10. Thanks to bloating, I don’t actually fit in my own underpants.


Image: Sethoscope/Flickr

My Life With Anxiety: When the Lion Is in the Room

20 Jun

My grandmother used to say, “You were the most nervous baby I’ve ever seen.” My grandmother (who was a ferocious and elegant 90-pound lady, like Lillian Hellman and Lauren Bacall had a baby and dressed it in tasteful separates and a hair helmet, and oh God, I miss her so much) looked concerned when she said this, which never failed to aggravate my mother.

“You were a little undercooked,” she’d say. “You had a startle reflex. It had nothing to do with being ‘nervous.’ It was your actual nerves, trying to figure out what the hell was going on out here in the cold.”

I have a lot of faith in Ma Smash’s opinion on everything, but her medical advice is always spookily sound. (“It’s appendicitis,” she told the doctors, long before she had her nursing license and just before my appendix ruptured. “It’s thyroid disease,” she pronounced firmly, thirty years later, when my hair was thinning and I couldn’t lose weight.) Here, though, I wonder if it matters all that much. As a baby, I was either nervous or undercooked. The same could be said for me now. I’m still trying to figure out what the hell is going on, out here in the cold.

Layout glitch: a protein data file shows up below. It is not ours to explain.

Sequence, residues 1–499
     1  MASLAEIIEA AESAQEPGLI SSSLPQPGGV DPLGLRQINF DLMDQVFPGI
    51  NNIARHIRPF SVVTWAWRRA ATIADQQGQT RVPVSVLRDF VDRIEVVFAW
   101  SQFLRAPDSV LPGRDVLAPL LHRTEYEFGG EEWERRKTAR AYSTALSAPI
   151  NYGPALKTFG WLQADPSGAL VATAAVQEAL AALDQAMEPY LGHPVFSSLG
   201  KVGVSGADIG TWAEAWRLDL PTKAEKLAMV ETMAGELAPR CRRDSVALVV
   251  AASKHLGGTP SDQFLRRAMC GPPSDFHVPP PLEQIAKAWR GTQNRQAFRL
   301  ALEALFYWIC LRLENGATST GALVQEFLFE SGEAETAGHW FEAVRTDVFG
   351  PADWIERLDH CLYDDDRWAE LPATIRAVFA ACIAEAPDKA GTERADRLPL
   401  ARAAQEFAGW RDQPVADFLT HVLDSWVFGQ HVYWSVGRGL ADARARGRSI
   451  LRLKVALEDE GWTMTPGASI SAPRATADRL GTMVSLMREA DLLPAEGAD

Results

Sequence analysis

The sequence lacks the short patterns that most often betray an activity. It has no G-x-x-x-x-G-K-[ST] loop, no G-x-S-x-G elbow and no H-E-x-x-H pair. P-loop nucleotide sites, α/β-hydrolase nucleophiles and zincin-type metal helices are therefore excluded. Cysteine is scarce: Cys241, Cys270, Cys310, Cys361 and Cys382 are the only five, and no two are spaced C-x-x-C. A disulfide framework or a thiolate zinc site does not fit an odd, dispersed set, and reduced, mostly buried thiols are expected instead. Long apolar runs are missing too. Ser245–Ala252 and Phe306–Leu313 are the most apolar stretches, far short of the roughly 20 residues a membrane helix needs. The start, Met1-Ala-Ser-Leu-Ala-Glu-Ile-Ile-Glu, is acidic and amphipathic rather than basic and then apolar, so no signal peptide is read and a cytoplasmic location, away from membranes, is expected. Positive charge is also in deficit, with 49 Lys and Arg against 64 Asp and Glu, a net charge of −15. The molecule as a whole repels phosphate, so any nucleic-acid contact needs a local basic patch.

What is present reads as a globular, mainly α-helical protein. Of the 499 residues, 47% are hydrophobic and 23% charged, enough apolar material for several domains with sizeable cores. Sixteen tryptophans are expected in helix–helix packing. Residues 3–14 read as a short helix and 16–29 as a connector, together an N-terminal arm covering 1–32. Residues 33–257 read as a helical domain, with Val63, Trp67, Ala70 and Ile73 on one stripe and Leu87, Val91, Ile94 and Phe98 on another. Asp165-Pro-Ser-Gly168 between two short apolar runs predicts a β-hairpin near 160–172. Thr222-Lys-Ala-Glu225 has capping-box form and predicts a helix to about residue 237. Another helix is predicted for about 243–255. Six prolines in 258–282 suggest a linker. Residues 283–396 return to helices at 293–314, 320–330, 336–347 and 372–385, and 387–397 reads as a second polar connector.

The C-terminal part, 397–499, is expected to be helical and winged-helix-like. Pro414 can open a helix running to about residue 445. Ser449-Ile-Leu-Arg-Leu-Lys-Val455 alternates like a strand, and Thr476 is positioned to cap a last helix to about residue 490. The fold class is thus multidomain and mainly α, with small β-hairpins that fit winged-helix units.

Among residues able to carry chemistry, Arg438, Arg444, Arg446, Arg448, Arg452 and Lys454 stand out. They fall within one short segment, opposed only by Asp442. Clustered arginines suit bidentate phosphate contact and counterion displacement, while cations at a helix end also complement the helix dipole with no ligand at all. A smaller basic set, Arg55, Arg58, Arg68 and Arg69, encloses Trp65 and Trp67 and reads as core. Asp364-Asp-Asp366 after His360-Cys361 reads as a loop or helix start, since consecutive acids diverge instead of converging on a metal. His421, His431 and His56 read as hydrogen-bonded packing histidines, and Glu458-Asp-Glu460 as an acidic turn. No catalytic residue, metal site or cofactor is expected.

Anxious people and depressives are kindred spirits. Everyone secretly believes that if we’d just grow some stones, we could get over it. The truth, of course, is more complex: we can and we can’t, we want to and we don’t, we’re definitely biologically, physically ill, but on the other hand, it’s all in our heads. The doctors and therapists I like best don’t make a distinction: if I feel ill, then I’m ill.

For the most part, I prefer to endure my Victorian lady-nerves without the help of tonics. I feel very brave about this, even though I don’t think there’s anything wrong with better living through chemistry. I am, however, terrified of benzodiazepines. People who say they couldn’t get hooked on these are fooling themselves. Any time I’ve taken them for anything, about twenty minutes after swallowing the pill, I think, “Oh, that’s right: this is AWESOME.” And then I renew my pledge to a) not start taking benzos on a regular basis, and b) be kind to drug addicts, who obviously are the only people on earth with their priorities straight.